I’m obsessed with reading financial self-help books. Obsessed. From Suzie Orman to Wallace Wattles, I enjoy learning about ways to attract wealth and manage it. I am blessed in that I have little debt and some savings. My current goals are to increase my earning potential and secure my financial independence. So far so good.
I do have one little obstacle to this goal. Spending. As much as I like to save money… I rather enjoy spending it. Way more than saving. So I am always looking for books and articles to help me better understand my money habits and motivations and how to effectively change them. Somebody, please, make me save more of my money!
The book “Stop Acting Rich… And Start Living Like a Real Millionaire” by Thomas J. Stanley – the author of “The Millionaire Next Door” seemed like a very promising read. The book was not quite what I expected. Here is a blurb from the back cover:
Is a millionaire more likely to be seen around town in a Mercedes-Benz or a Toyota?
Are millionaires more likely to buy their suits from Brooks Brothers or Kohl’s?
If you asked a millionaire for the time, would the watch on her wrist be a Rolex or a Timex?
When you meet a millionaire at the bar, does he order a glass of Cristal or Cook’s?
And that, my friend, pretty much describes this book – it’s really just a bunch of statistics based on the spending habits of truly wealth folks versus those of the aspirational idiots that are not millionaires but are too busy blowing our cash on luxury cars, name-brand suits, exorbitantly priced watches and wine we know nothing about.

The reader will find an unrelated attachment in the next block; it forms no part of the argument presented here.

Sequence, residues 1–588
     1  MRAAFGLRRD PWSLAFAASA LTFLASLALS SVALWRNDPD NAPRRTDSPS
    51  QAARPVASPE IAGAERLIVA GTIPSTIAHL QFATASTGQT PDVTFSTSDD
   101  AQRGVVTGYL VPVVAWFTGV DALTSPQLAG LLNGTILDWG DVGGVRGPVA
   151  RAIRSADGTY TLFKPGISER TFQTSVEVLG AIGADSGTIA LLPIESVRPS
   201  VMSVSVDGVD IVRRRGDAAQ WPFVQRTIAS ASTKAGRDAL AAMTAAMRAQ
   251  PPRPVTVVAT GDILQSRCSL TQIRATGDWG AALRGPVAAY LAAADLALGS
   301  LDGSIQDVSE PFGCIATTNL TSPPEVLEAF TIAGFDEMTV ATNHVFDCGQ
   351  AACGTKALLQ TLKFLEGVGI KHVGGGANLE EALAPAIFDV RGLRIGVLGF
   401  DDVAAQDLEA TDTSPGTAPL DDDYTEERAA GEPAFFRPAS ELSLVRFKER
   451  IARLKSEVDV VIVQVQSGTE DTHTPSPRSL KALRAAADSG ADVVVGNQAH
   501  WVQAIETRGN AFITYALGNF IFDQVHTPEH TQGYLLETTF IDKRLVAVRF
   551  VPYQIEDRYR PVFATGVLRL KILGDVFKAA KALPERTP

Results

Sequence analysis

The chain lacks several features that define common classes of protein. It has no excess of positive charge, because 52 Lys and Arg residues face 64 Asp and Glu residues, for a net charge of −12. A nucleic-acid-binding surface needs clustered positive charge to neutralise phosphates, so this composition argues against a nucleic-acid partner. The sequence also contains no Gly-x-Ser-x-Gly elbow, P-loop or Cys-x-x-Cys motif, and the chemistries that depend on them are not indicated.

Sorry, my bias is showing – the book is a little redundant and preachy. My disappointment with the book is that the author doesn’t tell you how to take any active steps for you to change your habits, but just points out the glaringly obvious ways in which folks waste their money. And since he backs all of this with convincing tables, and statistics… he really makes the obvious… obvious.
Don’t get me wrong, there is some useful information in the book. For example, I enjoyed the definitions of High Income (produce a high income but perhaps spend the majority of it) vs. High Net Worth (build their net worth through diligent savings/investments/frugal living, etc and don’t necessarily earn a high income). He also discusses the differences between the “glittering rich” vs. the millionaire-next-door type vs. the aspirational. The glittering rich are so fabulously wealthy, that dropping $100k on a car makes absolutely no dent in their financial worth, they are billionaires. The author espouses that the majority of American millionaires are the second type, the ones who have built a business and spent 20+ years to get to their millionaire status. They have very low key spending habits and drive Fords and Toyota’s. The aspirational may or may not make a lot of money, but they are bleeding through the nose to afford that $40g entry-level BMW and spend the majority of their energy and effort trying to look like the glittering rich.
It is the repetitiveness of the chapters that focus on faulty spending habits that make the book pretty tedious. The aspirational are stupid for buying fine wine, luxury cars, McMansions, shoes and fancy foods. Great, we get it. Live in a rural area, drink $3 bottles of wine, eat rubbish, wear clothes from Kohl’s and become a millionaire.
Maybe I took umbrage with the book as I pretty much fall into the aspirational/high income category, I’m still marinating on that idea. However, I find that his other book, “The Millionaire Next Door“, which covers some of these frugal ideas, is way better than this. I guess the constructive information is to live on less than what you earn, but his manner of presentation was a little off-putting.
P.S. – I have absolutely nothing against Kohl’s and have been known to happily shop there.